Southeast Pennsylvania would get about $115 million for critical projects in a massive transportation bill the U.S. House passed Thursday.

They include safety improvements for the deadly Cobbs Creek Parkway in Southwest Philadelphia, accessibility fixes for disabled people at the Erie Avenue Station on the Broad Street Line and the Regional Rail station in Marcus Hook; bike lanes; and road and bridge repairs.

“We’ve got a huge opportunity after a long time talking,” said U.S. Rep. Dwight Evans, Democrat from Philadelphia, noting that infrastructure is having a political moment. “All the pieces are falling into place for Philly, Pennsylvania and the nation.”

Though the projects involve rails and roads, the bill is not part of the bipartisan infrastructure-spending framework that President Joe Biden and Senate Republicans negotiated recently. Rather, the House legislation would authorize for another five years federal surface-transportation programs that send money to states and localities for transit and highways.

The measure did not include financing, and money would have to be appropriated later. Democrats said the $715 million bill was close in size to the bipartisan agreement, though it is a bit more weighted to transit.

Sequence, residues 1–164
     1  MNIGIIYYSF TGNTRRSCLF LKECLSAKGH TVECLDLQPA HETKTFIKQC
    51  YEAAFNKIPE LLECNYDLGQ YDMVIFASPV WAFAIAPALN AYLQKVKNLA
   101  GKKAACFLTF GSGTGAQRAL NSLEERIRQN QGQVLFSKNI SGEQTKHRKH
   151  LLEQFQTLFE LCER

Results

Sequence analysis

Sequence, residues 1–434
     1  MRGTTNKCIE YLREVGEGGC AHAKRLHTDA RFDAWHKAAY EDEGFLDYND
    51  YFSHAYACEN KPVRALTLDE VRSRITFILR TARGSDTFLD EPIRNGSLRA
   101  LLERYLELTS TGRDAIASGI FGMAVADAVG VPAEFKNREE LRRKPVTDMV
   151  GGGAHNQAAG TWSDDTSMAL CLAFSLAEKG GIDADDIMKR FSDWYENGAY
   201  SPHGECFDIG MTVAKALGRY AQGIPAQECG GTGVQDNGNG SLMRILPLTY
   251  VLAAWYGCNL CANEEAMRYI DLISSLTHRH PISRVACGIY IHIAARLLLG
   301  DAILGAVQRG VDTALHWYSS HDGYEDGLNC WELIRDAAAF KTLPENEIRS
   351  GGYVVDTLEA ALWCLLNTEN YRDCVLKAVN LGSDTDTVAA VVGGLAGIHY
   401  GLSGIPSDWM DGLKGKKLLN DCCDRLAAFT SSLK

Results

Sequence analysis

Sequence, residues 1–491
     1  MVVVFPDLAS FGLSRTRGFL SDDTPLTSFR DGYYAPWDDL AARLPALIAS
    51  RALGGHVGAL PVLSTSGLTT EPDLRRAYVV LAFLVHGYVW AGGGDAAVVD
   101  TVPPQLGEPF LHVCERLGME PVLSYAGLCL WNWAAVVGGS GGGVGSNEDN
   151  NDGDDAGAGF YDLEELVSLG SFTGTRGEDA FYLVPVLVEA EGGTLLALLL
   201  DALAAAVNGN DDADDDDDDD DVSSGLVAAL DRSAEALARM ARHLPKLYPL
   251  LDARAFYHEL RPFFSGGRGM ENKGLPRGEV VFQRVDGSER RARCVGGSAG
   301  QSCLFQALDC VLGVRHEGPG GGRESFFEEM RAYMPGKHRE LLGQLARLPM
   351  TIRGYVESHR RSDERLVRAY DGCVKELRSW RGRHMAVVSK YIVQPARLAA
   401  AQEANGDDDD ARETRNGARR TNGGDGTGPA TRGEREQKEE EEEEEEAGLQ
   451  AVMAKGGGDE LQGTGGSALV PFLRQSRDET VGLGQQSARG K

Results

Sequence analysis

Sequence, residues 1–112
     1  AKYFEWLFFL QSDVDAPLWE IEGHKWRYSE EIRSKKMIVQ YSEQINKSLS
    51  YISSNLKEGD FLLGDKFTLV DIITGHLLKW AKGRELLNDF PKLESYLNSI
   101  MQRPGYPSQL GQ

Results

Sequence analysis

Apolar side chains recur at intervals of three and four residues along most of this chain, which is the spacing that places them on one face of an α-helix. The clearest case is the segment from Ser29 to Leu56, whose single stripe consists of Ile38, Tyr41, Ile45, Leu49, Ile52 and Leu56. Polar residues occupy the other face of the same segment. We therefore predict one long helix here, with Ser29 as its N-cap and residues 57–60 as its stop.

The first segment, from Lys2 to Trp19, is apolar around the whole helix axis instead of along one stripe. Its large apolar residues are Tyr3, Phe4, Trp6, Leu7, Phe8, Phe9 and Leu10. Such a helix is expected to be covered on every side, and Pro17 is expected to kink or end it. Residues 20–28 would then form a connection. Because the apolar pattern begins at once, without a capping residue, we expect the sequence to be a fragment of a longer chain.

“They’re within shouting distance,” said Rep. Peter DeFazio (D., Ore.), chairman of the House Transportation and Infrastructure Committee. “I believe we could work out the spending levels” and use the policy language in the bill as part of an eventual infrastructure package.

Rep. Brian Fitzpatrick of Bucks County, who requested $17.2 million in projects for his district, was one of just two Republicans voting yes Thursday.

Five people were killed and 14 seriously injured in traffic crashes on Cobbs Creek Parkway between 2014 and 2018, according to city figures. It is among the 12% of Philadelphia streets that city transportation officials say are responsible for 80% of traffic deaths and serious injuries. It’s a winding road that separates Philadelphia from Delaware County, with 33 intersections and few traffic controls or amenities for pedestrians.

Cobbs Creek Parkway is “one of the most dangerous corridors in our region, and it’s the site of hundreds of crashes and multiple fatalities, year after year,” said Rep. Mary Scanlon, a Democrat whose district includes Delaware County and parts of Philadelphia. She and Evans teamed up to get a $2 million earmark for traffic controls, crosswalks and other safety measures there.

To Evans, the bill was an opportunity to begin to address the disproportionate number of traffic deaths and injuries in poor neighborhoods and communities of color. In addition to the parkway, Evans also got money for “traffic calming” projects in Mantua, on Chestnut Street and Parkside Avenue in West Philadelphia.

He teamed with Rep. Brendan Boyle, a Philadelphia Democrat, to secure $7.2 million in funding toward retrofitting Nicetown’s Erie Station on the Broad Street Line to comply with the Americans with Disabilities Act.

“We’re trying to invest in these communities that historically haven’t had much investment,” said Evans, speaking of the three members of the House representing Philadelphia.